Your father said in Parade: “It would disturb me if there was a wedding between the religious fundamentalists and the political right. The hard right has no interest in religion except to manipulate it.”

I'm even more troubled by the dangers of Religious Nationalism, whether from the political Right or the progressive Left; whether the Religious Nationalism is Christian (a theocratic vision of America and its history) or Muslim (imposing sharia law on citizens).

Jesus taught dual citizenship: “Give to Caesar what is Caesar’s, and to God what is God’s” (Matthew 22:21). American Christians enjoy freedoms (e.g., the right to vote) and responsibilities (pay taxes). But our ultimate citizenship is with Christ in heaven (Philippians 3:20).

Religious Nationalism in any form is idolatry. Even if motivated by good moral intentions, Religious Nationalism can lead to bigotry, intolerance, discrimination, or worse: divisive or violent extremism in our democratic Republic. As your father Billy Graham said, “I don’t want to see religious bigotry in any form.”

Our need in this hour: for Jesus’ followers in all nations to live as God’s foreigners and exiles, and to bless the lands of our sojourn. Like the Jews in Babylon, as exiles from Zion (Jeremiah 29:4-7). Or disenfranchised, politically powerless, persecuted early Christians who could not impose God’s moral law on their society. But they turned the Roman world upside down (the West eventually adopted many pro-life values). They exercised weapons of the Spirit: proclaiming the Gospel, showing sacrificial love, offering prayers, hospitality, and humble service with Christ-reflecting lives.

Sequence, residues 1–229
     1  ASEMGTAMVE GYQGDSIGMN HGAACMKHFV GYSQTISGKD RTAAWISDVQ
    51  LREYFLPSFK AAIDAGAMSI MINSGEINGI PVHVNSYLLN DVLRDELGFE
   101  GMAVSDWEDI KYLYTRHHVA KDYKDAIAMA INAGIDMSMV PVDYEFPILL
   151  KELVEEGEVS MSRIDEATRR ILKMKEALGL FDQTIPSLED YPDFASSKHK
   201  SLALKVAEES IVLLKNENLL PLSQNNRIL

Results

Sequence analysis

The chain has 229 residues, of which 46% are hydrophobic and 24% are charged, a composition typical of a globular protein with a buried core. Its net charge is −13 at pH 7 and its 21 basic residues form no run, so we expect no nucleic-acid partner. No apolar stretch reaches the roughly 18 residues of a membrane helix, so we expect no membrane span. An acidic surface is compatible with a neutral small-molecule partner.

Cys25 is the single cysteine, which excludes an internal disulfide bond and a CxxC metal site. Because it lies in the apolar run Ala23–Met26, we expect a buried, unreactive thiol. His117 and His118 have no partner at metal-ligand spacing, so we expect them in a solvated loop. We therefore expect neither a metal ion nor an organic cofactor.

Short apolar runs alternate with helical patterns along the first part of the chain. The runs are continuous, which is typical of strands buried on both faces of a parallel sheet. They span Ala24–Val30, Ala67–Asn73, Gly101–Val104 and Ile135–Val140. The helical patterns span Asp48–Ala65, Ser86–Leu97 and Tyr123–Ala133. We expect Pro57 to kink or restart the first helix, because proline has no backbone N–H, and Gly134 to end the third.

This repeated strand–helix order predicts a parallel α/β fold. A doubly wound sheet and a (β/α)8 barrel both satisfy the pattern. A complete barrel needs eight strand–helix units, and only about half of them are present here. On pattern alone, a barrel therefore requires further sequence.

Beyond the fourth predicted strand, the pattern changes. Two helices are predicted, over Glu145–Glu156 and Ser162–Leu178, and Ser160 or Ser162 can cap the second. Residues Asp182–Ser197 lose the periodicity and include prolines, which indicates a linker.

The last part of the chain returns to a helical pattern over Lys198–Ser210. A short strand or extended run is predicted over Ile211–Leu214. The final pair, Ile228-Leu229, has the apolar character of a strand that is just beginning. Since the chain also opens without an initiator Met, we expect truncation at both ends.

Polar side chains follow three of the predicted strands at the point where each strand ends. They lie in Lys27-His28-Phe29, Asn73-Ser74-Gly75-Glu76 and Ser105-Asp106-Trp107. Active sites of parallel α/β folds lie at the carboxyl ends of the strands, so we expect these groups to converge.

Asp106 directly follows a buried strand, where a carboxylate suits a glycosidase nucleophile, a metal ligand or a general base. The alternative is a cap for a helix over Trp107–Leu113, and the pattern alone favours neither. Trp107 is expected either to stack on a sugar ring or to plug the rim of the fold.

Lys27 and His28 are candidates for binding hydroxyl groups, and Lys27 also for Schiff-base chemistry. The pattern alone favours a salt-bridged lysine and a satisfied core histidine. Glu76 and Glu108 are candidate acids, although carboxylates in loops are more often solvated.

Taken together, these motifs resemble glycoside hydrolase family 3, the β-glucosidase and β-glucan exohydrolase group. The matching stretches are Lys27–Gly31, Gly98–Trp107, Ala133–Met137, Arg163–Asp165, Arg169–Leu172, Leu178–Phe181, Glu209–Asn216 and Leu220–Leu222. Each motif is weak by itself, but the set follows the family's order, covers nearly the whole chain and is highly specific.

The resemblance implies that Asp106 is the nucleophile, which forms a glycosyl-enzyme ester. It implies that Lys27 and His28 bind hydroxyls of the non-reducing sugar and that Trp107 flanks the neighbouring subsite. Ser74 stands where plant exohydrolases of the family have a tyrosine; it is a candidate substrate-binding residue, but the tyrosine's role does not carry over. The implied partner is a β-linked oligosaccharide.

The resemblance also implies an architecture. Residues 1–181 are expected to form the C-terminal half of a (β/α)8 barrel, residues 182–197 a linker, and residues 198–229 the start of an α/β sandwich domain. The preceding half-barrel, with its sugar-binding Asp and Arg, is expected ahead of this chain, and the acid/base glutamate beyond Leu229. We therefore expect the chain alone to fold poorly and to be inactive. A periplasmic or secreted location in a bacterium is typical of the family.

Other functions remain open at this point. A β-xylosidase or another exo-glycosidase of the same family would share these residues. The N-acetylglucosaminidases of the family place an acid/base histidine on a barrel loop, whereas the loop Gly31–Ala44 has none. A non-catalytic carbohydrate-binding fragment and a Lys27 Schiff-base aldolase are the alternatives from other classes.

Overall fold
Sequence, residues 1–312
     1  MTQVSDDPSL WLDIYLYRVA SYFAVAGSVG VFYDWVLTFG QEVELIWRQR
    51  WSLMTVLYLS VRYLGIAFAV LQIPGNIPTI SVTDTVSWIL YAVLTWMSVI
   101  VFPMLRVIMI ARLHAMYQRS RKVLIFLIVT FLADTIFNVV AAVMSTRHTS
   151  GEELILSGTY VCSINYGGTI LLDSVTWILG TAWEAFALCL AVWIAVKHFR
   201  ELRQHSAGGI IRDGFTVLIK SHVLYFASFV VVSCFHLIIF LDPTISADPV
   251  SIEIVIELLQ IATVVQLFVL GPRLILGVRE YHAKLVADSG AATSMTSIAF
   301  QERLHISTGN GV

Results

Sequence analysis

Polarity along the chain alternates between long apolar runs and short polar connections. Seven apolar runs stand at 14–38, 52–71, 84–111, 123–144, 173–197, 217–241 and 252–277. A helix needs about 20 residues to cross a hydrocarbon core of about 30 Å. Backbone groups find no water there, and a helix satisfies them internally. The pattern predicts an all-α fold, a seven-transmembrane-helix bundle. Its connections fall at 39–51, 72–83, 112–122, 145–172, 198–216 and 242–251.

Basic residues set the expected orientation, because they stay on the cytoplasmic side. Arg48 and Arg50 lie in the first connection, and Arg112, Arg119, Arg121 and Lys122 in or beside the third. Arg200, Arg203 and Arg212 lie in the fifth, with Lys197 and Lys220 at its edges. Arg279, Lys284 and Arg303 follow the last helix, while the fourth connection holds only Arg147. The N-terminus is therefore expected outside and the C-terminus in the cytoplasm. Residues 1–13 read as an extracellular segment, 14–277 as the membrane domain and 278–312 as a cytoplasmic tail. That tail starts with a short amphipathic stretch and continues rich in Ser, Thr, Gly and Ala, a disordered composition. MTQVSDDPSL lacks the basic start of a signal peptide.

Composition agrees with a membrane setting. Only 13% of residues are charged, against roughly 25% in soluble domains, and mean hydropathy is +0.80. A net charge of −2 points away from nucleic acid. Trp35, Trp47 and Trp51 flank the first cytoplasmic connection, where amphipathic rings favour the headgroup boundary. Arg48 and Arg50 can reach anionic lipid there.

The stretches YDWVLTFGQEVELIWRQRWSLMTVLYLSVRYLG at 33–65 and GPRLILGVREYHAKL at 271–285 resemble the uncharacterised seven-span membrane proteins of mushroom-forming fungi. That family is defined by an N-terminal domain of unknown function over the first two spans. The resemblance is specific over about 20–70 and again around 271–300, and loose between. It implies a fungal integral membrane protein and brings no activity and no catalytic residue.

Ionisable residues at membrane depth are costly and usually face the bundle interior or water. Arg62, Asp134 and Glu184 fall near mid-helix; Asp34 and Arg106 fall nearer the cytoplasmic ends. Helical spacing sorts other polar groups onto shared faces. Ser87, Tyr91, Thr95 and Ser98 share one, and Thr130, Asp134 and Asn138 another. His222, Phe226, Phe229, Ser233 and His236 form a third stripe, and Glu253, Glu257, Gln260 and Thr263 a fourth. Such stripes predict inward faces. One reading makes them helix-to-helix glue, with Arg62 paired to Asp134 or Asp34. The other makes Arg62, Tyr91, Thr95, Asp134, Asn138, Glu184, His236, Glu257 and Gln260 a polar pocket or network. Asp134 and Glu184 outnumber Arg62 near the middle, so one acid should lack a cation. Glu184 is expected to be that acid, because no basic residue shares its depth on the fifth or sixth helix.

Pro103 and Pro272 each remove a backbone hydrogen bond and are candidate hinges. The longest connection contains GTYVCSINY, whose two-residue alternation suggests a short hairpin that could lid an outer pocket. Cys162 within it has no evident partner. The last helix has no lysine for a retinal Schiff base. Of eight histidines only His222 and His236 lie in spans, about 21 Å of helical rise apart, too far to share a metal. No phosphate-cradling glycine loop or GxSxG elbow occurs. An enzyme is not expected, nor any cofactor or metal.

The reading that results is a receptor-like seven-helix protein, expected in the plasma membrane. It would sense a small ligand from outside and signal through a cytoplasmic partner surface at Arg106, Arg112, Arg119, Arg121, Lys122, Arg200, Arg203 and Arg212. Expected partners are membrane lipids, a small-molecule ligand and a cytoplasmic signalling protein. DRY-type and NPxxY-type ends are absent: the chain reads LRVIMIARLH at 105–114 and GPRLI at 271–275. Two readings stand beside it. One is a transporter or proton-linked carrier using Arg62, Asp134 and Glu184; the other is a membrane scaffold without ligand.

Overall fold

Mr. Graham, when you entangle yourself with expressions of Religious Nationalism, you diminish the perceived and real value of your important worldwide relief and Mercy Ministry that fleshes out and embodies your father’s Gospel Ministry.

St. John concluded his first Epistle: “We are living in the Truth itself, in God’s Son, Jesus Christ. This Jesus is both True God and Real Life … be on guard against all clever facsimiles” (the Message).

Mr. Graham, for the next four years, you may feel like a political exile. But even if we Bible-believing followers of Jesus become a minority in an increasingly secular American society, we must — above all other loyalties — remain faithful to Jesus our True Savior, and stay Real to our world.

Respectfully, Balaam's Ass, a.k.a. Al LaCour

From @IntlBuzz